I preached this sermon at my church a year ago. I refer to Charlie Brown briefly at the end, but to this day people still mention the time I talked about Charlie Brown in my sermon. I guess it stuck with them. I wonder if anything else did? I admit, my sermons tend to be long on explanation and short on connection to the experience of life. That's one factor that helped me discern my calling to be a professor rather than a pastor. But, maybe you'll find some benefit from it. Since the post is so long, I made the font a little smaller than usual in an effort to save space; I hope it's still readable. Oh, and...Merry Christmas!
Close to Christmas every year (and usually around Easter too), you can find magazine articles like this one in “Newsweek” from a few weeks ago. It says (…) There is tremendous curiosity in the world about the life of Jesus and what we can know about Him. Many people wonder if we really have reliable information about Him.
Fortunately, the information we have about Jesus’ life can be shown to be reliable, but I’m not going to focus on that. When I preach from Luke’s account of Jesus’ birth, I’m going to focus on the meaning of that birth, because I believe that’s what Luke focuses on. But, Luke also wants you to remember, and I do too, that Jesus’ birth actually happened. It’s a fact of history. He emphasizes this by recounting details about the time and the place that it happened and recording the people who were there and the surrounding circumstances. Therefore, Luke proceeds with the premise that because Jesus’ birth actually took place, it therefore means something to us. The question to ask is: How will we respond?
Luke 2:1-20. In those days Caesar Augustus issued a decree that a census should be taken of the entire Roman world. 2 (This was the first census that took place while Quirinius was governor of Syria.) 3 And everyone went to his own town to register. 4 So Joseph also went up from the town of
8 And there were shepherds living out in the fields nearby, keeping watch over their flocks at night. 9 An angel of the Lord appeared to them, and the glory of the Lord shone around them, and they were terrified. 10 But the angel said to them, "Do not be afraid. I bring you good news of great joy that will be for all the people. 11 Today in the town of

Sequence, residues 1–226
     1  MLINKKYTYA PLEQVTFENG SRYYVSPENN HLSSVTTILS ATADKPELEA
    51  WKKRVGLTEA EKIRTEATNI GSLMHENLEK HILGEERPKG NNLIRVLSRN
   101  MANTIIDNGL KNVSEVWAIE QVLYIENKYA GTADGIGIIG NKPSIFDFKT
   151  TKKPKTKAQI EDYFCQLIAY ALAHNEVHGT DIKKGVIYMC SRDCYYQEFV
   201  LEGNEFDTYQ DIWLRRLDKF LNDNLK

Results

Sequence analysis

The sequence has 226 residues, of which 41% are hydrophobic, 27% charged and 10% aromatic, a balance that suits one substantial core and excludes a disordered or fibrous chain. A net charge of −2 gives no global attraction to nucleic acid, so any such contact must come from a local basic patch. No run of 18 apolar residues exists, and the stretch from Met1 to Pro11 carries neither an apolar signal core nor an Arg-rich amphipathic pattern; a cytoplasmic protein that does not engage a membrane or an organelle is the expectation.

15 When the angels had left them and gone into heaven, the shepherds said to one another, "Let's go to
It’s the most wonderful time of the year! That’s what a song says about the Christmas season. And certainly, there are lots of great things about this time of year.
Of course, gifts are a wonderful part of Christmas. And, its not just getting gifts, but it’s the giving too. It’s obvious that people are much more giving this time of year. I mean, you can’t get away with ringing a bell outside of the supermarket in June and expect people to give you their pocket change. And, churches and other charitable organizations always expect larger portions of their income to arrive in December. People commonly give away coats and food to the poor. College kids volunteer to serve a meal or two at a local soup kitchen. These are wonderful things!
And the importance of family is usually remembered during this season. Whether it means packing up the kids and driving across 3 states in order to have Christmas dinner at great-aunt Sally’s house; or, searching every store in the city to find the perfect gift for your spouse. Christmas is the season when other pursuits and commitments get put on hold so we can make family a priority. This too is a wonderful thing the Christmas season does for us.